Because state law prohibits MTI from building its own student apartments, MTI’s plan is to let Puetz Development LLC build and operate the apartments. The City Council consented to placing a tax increment financing district over the south campus that will capture the new propertytax revenue generated by the student apartments. For up to 20 years, that tax revenue will be used to pay off a nearly $1.5 million bond that the city will issue in order to pay for immediate infrastructure improvements on the campus, such as streets and utilities.
After the TIF district expires, the tax revenue generated by the student apartments will go to local taxing entities such as the school district, city and county.
2010 sidewalk projects considered
During a tour prior to the council meeting, the council’s Sidewalk Committee viewed sidewalks built this year along Hanson and Norway streets and discussed potential projects for next year.
Deputy Director of Public Works Terry Johnson said he is targeting two areas that are largely lacking in sidewalks: a roughly nine-block area north of Foster Street that includes Wallace, Ash, Birch, Taylor and Marshall streets, and an area roughly described as around the high school and LifeQuest facility. Johnson said he’ll ask the council members to make a decision soon about which area to target next year.
Two other areas that Johnson said the city hopes to target for sidewalk projects are the area near Patton-Young Park and the stretch of Norway Avenue between Ohlman and Edgerton streets.
During the citizens’ input portion of the City Council meeting, Mitchell Schools Superintendent Joe Graves thanked the council for forcing the installation of sidewalks along Norway Avenue this summer in the area of L.B. Williams Elementary.
“It’s a lot safer now,” Graves said.
In other business, council members:
• Heard a request from residents of the Woodland Heights area in extreme southern Mitchell for the construction of a north-south road that would connect the west side of the development with Spruce Street and provide an alternative to the development’s only current entrance off state Highway 37.
• Were informed, during citizens’ input, about an award won recently by the Parks, Recreation and Forestry Department for its work with older employees.
• Temporarily adjourned to sit as the Board of Adjustment and deny the application of Candi Blasius for a conditionaluse permit to operate a dog-grooming business at 809 E. Hanson Ave.; approve the application of Abbott House for a variance to construct an addition at 918 Court Merrill; and approve the application of Doug Gehrke for a conditionaluse permit to operate Custom Plus Collision Center at 960 Commerce St.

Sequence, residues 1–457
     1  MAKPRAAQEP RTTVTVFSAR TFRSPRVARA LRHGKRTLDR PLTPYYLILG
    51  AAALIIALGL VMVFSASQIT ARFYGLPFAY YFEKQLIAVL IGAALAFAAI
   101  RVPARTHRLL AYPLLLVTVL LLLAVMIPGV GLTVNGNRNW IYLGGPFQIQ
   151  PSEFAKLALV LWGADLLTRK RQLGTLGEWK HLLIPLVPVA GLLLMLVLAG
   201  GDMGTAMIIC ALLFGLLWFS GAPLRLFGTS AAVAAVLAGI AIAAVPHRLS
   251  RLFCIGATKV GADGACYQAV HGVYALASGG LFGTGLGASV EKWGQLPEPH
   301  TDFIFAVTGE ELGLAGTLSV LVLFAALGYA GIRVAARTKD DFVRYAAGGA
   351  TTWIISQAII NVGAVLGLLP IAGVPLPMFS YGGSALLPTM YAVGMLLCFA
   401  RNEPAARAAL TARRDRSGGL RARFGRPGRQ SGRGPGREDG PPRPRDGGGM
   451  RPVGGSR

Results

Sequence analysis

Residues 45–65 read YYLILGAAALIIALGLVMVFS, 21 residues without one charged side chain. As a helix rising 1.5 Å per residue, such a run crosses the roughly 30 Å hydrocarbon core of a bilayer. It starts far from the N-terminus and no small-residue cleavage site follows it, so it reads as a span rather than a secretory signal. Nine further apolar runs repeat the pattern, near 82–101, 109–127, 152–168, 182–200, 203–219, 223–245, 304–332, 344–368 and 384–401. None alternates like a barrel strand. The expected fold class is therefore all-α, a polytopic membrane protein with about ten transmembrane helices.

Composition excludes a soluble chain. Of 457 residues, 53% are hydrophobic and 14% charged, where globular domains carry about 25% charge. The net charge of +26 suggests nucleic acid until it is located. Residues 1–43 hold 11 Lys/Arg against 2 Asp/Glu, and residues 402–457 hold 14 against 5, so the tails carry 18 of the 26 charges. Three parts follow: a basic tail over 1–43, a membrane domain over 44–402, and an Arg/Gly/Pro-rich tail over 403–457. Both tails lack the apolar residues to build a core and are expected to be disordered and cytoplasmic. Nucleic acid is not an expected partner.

• Still sitting as the Board of Adjustment, set Sept. 21 as the date for hearings on the application of Raquel Decker for a conditional-use permit to operate a daycare center in her home at 709 N. Rowley St., and the application of Amber Quinn for a conditional-use permit to operate a daycare center in her home at 212 E. Seventh Ave.
• Heard oral reports from the Sidewalk and Public Works committees.
• Awarded a $457,494 bid from Mueller Lumber for Phase II work on the Pepsi Soccer Complex.
• Approved the application of the city of Mitchell on behalf of Abbott House to the state of South Dakota for a $300,000 Community Development Block Grant to assist with an addition.
• Approved a petition from Mitchell Wesleyan Church to vacate a public alley right-of-way to accommodate a planned expansion of the church.
• Approved a resolution to provide $53,333 in interim financing for the soccer complex until such time as the money is received from revenues.
• Approved a resolution aimed at lowering the rate of the bonds that financed the city’s water pipeline from the Missouri River.
• Adopted a plat of Tracts 1 and 2 of C. Glanzer first addition; a plat of Lot 1 of Backlund Second Addition; and a plat of Lots A-2, A-3 and D-1 of K&L Ranch Addition.
• Conducted the first of two required readings of the 2010 city budget and were told by Finance Officer Marilyn Wilson that the total budget is $29.7 million, a reduction from $32.8 million in 2009.
• Set Sept. 21 as the date for hearings on the application to transfer an onsale liquor license from Boehnen Corporation to Chopper LLC, doing business as Peppers at 1525 W. Havens St.; the application to transfer an off-sale liquor license from Boehnen Corporation to Chopper LLC, doing business as Peppers at 1525 W. Havens St.; the application to transfer an on-off-sale malt beverage license from Robert Folkerts to American Legion Coacher-Goetsch Post 18 at 107 N. Main St.; and the application to transfer an on-sale liquor license from American Legion Coacher-Goetsch Post 18 to American Legion Coacher-Goetsch Post 18 at 107 N. Main St.
• Set Oct. 13 as the date to receive and consider bids for a bike-path historic bridge project.
• Authorized the acceptance of a 2009 Office of Justice program grant in the amount of $45,612 for the public safety shooting range under construction near the landfill south of Mitchell.
• Authorized the mayor and finance officer to enter into contract for municipal bond insurance and municipal bond rating as may be necessary for the salestax refunding bonds authorized by Resolution No. 2726, as amended, (the pipeline bonds) and to take such other actions as they deem appropriate.
• Approved a financial agreement that will allow the state to use the city’s share of airplane fuel taxes to cover the city’s 3 percent share of a 2008 airport construction project.
• Approved a list of surplus auction items.
• Authorized some light poles from the Traffic Division to be sold as scrap.
• Approved the applications of Tamara Workman and Christopher Bowden for taxicab driver’s licenses for Palace Transit.
• Approved requests from Mitchell Ducks Unlimited, James Valley Community Center, Mitchell Skating and Hockey, and St. Mary’s Episcopal Church to conduct raffles.
• Approved the paying of estimates and bills.
• Entered a closed, “executive session,” described on the agenda as “permitted by SDCL 1-25-2(4) – requested by City Attorney Randy Stiles” (SDCL 1-25-2-(4) is a state law that allows executive sessions for “preparing for contract negotiations or negotiating with employees or employee representatives”).